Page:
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Incremental ListView Control and Plugin for Xamarin.Forms

This week I'll introduce you to a new control I've wrapped into a "plugin" for Xamarin.Forms - IncrementalListView. This control allows you to specify a PageSize and PreloadCount to control when and how many items to load as a user scrolls. It's powerful and easy to drop into your project. Take a look at the end result:

iOS End Result

ISupportIncrementalLoading

The plugin also includes an interface that a ViewModel should inherit from and implement. I've modeled this after the Windows ISupportIncrementalLoading interface. This provides a contract for the control to use while also making it easier to test the ViewModel loading items incrementally.

public interface ISupportIncrementalLoading  
{
    int PageSize { get; set; }

    bool HasMoreItems { get; set; }

    bool IsLoadingIncrementally { get; set; }

    ICommand LoadMoreItemsCommand { get; set; }
}

Implementing this is simple. Let's take a look at an example.

public class IncrementalViewModel : INotifyPropertyChanged, ISupportIncrementalLoading  
{
    public int PageSize { get; set; } = 20;

    public ICommand LoadMoreItemsCommand { get; set; }

    public bool IsLoadingIncrementally { get; set; } 

    public bool HasMoreItems { get; set; }

    public IncrementalViewModel()
    {
        LoadMoreItemsCommand = new Command(async () => await LoadMoreItems());
    }

    async Task LoadMoreItems()
    {
        IsLoadingIncrementally = true;

        // Download data from a service, etc.
        // Add the newly download data to a collection

        HasMoreItems = ...

        IsLoadingIncrementally = false;
    }
}

I've set a PageSize to 20, which is something I can use in my LoadMoreItems method for retrieving data in a paginated way. The LoadMoreItems command will be executed as we scroll the IncrementalListView and reach the PreloadCount, which we will talk about shortly. Finally, we update HasMoreItems to reflect if there is more data to get or not. Note, for brevity, I have left out any INotifyPropertyChanged implementations you might want here.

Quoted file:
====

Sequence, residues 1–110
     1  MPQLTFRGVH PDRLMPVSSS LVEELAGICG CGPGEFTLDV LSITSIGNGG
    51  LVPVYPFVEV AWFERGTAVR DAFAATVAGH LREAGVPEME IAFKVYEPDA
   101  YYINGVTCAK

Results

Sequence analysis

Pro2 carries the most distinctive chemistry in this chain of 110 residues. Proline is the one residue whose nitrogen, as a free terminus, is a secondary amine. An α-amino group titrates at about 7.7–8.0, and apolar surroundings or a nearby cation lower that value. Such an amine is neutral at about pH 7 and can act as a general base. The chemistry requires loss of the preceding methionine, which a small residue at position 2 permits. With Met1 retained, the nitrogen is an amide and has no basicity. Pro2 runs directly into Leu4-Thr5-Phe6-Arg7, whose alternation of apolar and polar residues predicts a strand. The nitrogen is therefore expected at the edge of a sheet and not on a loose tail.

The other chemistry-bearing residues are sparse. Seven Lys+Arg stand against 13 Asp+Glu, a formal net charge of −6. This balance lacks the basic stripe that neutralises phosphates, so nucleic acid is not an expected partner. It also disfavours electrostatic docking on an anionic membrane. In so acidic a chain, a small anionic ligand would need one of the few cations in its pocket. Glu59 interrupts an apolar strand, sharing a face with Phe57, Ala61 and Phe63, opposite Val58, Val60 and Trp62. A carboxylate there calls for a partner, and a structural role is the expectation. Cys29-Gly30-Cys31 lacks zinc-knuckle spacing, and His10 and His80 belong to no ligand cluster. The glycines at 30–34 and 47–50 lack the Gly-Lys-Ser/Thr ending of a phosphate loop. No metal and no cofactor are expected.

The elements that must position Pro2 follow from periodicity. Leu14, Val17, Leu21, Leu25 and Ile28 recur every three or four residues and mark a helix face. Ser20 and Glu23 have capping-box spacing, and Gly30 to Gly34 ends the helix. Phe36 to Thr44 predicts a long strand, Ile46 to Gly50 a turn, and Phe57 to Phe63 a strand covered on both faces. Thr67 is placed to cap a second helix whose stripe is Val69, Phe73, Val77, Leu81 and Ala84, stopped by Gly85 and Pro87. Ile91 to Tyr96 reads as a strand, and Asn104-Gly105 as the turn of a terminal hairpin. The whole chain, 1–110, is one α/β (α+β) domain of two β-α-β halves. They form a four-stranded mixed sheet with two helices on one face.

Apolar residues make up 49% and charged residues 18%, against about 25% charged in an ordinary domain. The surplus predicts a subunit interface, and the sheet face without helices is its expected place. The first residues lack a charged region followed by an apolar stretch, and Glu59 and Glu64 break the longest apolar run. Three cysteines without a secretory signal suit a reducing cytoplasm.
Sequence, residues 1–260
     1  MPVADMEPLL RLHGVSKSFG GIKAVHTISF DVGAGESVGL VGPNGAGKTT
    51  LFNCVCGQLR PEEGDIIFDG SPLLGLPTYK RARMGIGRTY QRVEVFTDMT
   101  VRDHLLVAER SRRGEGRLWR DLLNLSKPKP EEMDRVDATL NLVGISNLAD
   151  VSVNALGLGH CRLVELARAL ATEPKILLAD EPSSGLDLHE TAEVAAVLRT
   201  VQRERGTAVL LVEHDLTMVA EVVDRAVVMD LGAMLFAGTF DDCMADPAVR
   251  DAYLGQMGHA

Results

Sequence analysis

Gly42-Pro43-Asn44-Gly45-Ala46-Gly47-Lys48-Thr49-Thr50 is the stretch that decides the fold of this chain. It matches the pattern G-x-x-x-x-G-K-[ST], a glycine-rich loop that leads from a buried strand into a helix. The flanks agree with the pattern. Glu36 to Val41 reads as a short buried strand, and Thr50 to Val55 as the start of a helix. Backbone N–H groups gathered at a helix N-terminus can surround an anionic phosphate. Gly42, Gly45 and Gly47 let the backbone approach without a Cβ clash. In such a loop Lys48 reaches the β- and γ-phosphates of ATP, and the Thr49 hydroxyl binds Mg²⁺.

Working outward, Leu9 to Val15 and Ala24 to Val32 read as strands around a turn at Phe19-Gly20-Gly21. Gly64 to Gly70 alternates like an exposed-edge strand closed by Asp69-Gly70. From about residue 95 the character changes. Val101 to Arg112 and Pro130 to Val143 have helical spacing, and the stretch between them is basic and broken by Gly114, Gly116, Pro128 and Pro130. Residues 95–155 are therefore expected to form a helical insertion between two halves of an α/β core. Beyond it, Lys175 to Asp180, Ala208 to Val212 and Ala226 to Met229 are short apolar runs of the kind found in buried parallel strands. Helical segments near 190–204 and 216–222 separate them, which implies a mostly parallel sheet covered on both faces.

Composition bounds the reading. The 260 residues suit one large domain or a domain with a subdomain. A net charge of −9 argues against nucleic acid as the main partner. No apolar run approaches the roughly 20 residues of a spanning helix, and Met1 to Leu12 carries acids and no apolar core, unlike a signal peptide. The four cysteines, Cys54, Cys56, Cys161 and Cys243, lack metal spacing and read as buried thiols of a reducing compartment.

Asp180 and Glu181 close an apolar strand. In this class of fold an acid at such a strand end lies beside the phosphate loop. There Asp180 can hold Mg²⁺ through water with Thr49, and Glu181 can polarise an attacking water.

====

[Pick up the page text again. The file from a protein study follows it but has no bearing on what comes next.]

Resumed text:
IncrementalListView

The next step is to use the control in a page. Here is an example.

<ContentPage xmlns="http://xamarin.com/schemas/2014/forms"  
             xmlns:x="http://schemas.microsoft.com/winfx/2009/xaml"
             xmlns:local="clr-namespace:IncrementalListView.FormsPlugin.Abstractions;assembly=IncrementalListView.FormsPlugin.Abstractions"
             x:Class="IncrementalListViewSample.IncrementalListViewPage" Padding="0,20,0,0">
  <local:IncrementalListView
    ItemsSource="{Binding MyItems}"
    PreloadCount="5"
    RowHeight="88">
    <x:Arguments>
      <ListViewCachingStrategy>RecycleElement</ListViewCachingStrategy>
    </x:Arguments>
    <ListView.ItemTemplate>
      <DataTemplate>
        <ViewCell>
          <Label Text="{Binding .}"/>        
        </ViewCell>        
      </DataTemplate>     
    </ListView.ItemTemplate>
    <ListView.Footer>
      <ActivityIndicator IsRunning="{Binding IsLoadingIncrementally}" IsVisible="{Binding IsLoadingIncrementally}"/>    
    </ListView.Footer> 
  </local:IncrementalListView>
</ContentPage>  

There is not much different from a standard ListView except a new property, PreloadCount. This value indicates how maybe rows before the end of the list to start loading. In this example, once we hit MyItems.Count - 5 then, the LoadMoreItemsCommand will be executed. This is an optimization to help reduce the amount of time a user has to stare at the ActivityIndicator while scrolling. Hopefully, we can start loading more as a user gets close to the end of the list so they don't have to wait at all, or at least wait less time.

How does it work?